Downy Doxey-Marshall introduces the baker’s dozen large oil paintings in Immerse, her current show in the Phillips’ Dibble Gallery, with a twice-relevant quotation from Pablo Picasso:
The purpose of art is washing the dust of daily life off our souls.
The key here is “washing,” a word that invokes both the refreshing and restorative power of art and the subject matter of Doxey-Marshall’s luminous achievement: water, in its natural, fluid state. Whether in a pond, where she recalls dreaming of it and where she has often celebrated its essential connection to life, or as the original lens, gathering and scattering light, or captured in the bodies of a profusion of its primary beneficiaries, plants, water is the subject that has most captivated this artist and that she, in turn, has learned to beguile into paint.
“Adrift” is probably the least appropriate adjective to describe the thirty-year, three state career of an artist who has worked in ink, oil, watercolor, tempera, textiles, and film, studied with some of Utah’s finest painters, earned fine arts degrees from BYU and U of U, taught, been collected widely, and collaborated on both painting a temple and exploring grand scale, immersive paintings. But “Adrift” is the perfect title for the first painting a visitor encounters in the Dibble Gallery, the one in which the virtual presence of invisible water brings it most perfectly to mind. What is adrift are half a dozen leaves and bits of organic jetsam, some floating on the water’s surface and some neutrally buoyant within it, while their cast shadows, along with a few radiant effects, provide the only proof that this is, indeed, a body of water. It’s not only about the optics of water, though: a corrugated bed that shades from mauve through blue and green to brown provides the eye a sensuously receding feeling of liquid space.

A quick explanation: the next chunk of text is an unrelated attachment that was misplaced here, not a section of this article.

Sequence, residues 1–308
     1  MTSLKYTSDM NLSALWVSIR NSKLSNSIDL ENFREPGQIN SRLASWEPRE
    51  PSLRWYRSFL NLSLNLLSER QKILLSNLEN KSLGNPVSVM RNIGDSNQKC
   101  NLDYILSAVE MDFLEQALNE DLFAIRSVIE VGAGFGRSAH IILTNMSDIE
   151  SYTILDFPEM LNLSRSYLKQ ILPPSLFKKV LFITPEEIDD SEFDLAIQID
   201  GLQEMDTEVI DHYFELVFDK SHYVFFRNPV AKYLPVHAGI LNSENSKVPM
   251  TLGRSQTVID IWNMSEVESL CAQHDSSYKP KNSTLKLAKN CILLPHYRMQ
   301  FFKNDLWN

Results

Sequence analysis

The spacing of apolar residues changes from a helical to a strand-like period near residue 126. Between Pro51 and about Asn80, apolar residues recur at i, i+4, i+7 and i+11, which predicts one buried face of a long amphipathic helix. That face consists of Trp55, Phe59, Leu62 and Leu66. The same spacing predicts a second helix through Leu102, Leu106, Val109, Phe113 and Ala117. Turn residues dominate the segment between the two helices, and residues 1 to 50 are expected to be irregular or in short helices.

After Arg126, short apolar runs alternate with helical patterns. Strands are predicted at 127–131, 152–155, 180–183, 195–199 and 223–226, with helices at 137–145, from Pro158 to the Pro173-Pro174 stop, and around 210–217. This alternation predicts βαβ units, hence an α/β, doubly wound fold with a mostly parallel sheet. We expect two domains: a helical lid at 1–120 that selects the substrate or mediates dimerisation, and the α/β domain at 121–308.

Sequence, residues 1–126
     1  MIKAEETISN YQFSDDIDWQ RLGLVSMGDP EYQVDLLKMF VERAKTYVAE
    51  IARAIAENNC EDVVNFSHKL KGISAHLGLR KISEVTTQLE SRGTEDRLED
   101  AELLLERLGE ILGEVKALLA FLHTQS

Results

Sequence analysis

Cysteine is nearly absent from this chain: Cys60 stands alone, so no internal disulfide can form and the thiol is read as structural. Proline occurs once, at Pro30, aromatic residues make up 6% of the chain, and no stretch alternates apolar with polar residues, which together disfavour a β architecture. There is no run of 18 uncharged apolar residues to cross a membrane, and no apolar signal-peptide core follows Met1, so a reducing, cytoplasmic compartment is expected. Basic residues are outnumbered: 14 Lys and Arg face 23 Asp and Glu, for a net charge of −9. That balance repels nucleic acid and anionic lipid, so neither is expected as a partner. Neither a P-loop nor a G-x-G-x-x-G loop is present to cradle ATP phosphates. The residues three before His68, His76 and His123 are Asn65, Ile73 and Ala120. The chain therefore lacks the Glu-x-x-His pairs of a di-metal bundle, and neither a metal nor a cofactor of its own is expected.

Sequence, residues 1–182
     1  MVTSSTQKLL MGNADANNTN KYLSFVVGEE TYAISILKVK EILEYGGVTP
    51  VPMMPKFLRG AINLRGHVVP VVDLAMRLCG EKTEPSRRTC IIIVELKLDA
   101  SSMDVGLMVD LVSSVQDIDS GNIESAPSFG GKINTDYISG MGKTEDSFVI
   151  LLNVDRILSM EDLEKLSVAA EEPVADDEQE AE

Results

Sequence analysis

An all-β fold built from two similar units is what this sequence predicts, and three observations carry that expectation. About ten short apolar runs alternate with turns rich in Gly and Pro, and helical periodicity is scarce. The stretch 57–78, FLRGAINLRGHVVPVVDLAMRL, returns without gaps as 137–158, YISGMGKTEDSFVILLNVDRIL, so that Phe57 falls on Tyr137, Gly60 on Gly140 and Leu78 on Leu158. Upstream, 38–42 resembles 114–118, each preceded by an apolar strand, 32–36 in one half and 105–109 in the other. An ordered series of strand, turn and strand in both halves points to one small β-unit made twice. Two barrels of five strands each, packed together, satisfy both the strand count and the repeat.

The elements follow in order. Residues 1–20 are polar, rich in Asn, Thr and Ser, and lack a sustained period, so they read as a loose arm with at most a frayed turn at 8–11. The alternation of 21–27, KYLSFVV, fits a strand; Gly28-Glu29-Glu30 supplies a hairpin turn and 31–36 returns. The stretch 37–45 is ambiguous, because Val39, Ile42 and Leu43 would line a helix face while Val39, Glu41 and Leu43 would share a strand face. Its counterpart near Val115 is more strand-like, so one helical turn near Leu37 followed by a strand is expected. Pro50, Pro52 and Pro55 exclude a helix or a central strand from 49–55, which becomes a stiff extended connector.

Representational painting fits onto a sliding scale. At one end, the painted image could be a photograph, or better yet a sheet of glass through which the subject is simply seen. On the other end, paint is dripped, smeared, sprayed, or brushed and looks just like itself. Individual artists locate themselves on that scale at different places: stand across the room and an image looks seductively real; walk closer to see how the magic is done and, at a certain point, it will dissolve into manipulated color and texture. With a given painter there is usually a point, or a narrow zone, where this happens. None of this, of course, is what the viewer is supposed to see; rather, it’s part of how the painter mysteriously controls what is seen. With Doxey-Marshall, though, there is often a continuity, with parts of the painting that open like a window into nature while others always look like paint. Consider the center of “Moon Gold,” where the pond’s surface reflects the tree branch extending above it so that it looks to be deep underwater, and compare that to “Beneath,” where not only the breadth of the brush but the length of the painter’s arm can be measured by the eye.
A frequent, remarkably fertile contribution in Immerse is made by the drips, sometimes singular but more often in shrub-like abundance. Some, like in “Water Curtain,” run straight down like their namesakes. Others twist and turn almost as if they were alive, while in “Light From Above” they dissolve as if some force — a strong wind, perhaps — had overcome gravity. Drips are among the most virtuosic syllables in Doxy-Marshall’s vocabulary, not least when it’s taken into account that they are both improvised and stochastic: single shot accidents she must control as they happen.
Two other effects are worth watching for here. One is what’s known to psychologists by the German word gestalt, which identifies a reversible pattern — baby blocks being a classic example — like the reflection and transparency of water. The other freezes the movement of water in such a way as to call it to mind. When the moon is reflected off still water, it’s just a white disk. But if the surface is gently disturbed, circular waves radiate and that reflection will begin to shimmer, dance, leap, and distort. Both effects are available in Doxey-Marshall’s art, but whether and when they appear is in the eye (and visual imagination) of the beholder. Part of what makes these images hypnotic is the way they, like bodies of water taking their place in nature, have life and freedom beyond the initial intentions of their maker.
Downy Doxey-Marshall, Immerse, Phillips Gallery, Salt Lake City, through June 11.
Geoff Wichert has degrees in critical writing and creative nonfiction. He writes about art to settle the arguments going on in his head.